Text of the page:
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While the recommendations of a master in a divorce action are entitled to careful consideration, they are advisory only and are not controlling either upon the lower court or upon the appellate court. An appellate court is required to consider the evidence de novo, pass upon its weight and upon the credibility of witnesses, and reach an independent conclusion upon the merits.
On February 3, 1953, Michael J. Rankin instituted an action in divorce against his wife, Edith L. Rankin. The parties were at that time aged 58 and 43 years, respectively. The complaint originally alleged cruel and barbarous treatment and indignities to the person, but was subsequently amended to include a charge of desertion. After rules for a bill of particulars, and for alimony pendente and counsel fee, were determined, the lower court, on April 5, 1954, appointed a master. On January 3, 1955, the master filed his report recommending a decree on all three grounds. The trial court accepted the master's report and recommendation and entered a final decree. The wife assisted the husband in his coal stripping business because the husband could not read or write. After the parties moved to a farm, the marriage became difficult. The master accepted the credibility of the husband and his witnesses when they testified that the wife physically attacked the husband, removed all the bedroom furniture except a mattress and springs, threw hot water on him, and threatened to kill him. Following the filing of exceptions and argument thereon, the lower court dismissed the exceptions and, on October 10, 1955, entered a final decree. This appeal followed.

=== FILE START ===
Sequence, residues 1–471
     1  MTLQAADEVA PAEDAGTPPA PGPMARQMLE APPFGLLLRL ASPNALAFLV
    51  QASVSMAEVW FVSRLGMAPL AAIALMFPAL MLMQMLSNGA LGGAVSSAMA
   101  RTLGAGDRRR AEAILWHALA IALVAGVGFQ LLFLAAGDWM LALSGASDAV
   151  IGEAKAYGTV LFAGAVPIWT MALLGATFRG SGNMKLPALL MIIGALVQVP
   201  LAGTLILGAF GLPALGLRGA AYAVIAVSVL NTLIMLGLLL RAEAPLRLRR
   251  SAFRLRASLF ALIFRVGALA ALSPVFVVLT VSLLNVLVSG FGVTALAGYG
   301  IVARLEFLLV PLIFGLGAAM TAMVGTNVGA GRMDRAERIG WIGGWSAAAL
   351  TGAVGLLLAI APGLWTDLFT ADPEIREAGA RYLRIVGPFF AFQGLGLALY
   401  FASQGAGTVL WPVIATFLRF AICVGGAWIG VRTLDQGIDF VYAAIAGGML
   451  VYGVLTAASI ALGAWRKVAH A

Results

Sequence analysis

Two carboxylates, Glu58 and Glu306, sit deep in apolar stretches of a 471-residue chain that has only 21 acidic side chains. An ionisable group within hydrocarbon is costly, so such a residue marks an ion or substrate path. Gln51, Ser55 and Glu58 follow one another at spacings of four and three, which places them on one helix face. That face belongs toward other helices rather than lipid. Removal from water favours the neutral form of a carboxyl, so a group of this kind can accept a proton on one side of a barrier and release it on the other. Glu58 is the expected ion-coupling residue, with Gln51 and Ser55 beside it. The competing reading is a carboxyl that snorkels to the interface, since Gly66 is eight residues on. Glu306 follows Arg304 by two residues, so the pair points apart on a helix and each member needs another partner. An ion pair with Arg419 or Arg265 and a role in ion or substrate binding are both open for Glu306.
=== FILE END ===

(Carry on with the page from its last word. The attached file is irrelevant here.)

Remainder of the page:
Did the trial court err in accepting the master's report and recommendation?
The court found that none of this testimony was credible. Rather, the testimony of the wife and her witnesses, which was rejected by the master, showed that the husband physically and verbally abused the wife, caused the wife serious bodily harm, and refused an attempt at reconciliation. The physical abuse was corroborated by eyewitnesses, a doctor, and a minister. Also, there was no "constructive desertion" where the husband left the home voluntarily and was simply followed by male members of the wife's family. He was allowed to return to retrieve his clothes and refused to speak to the wife when she requested that they talk.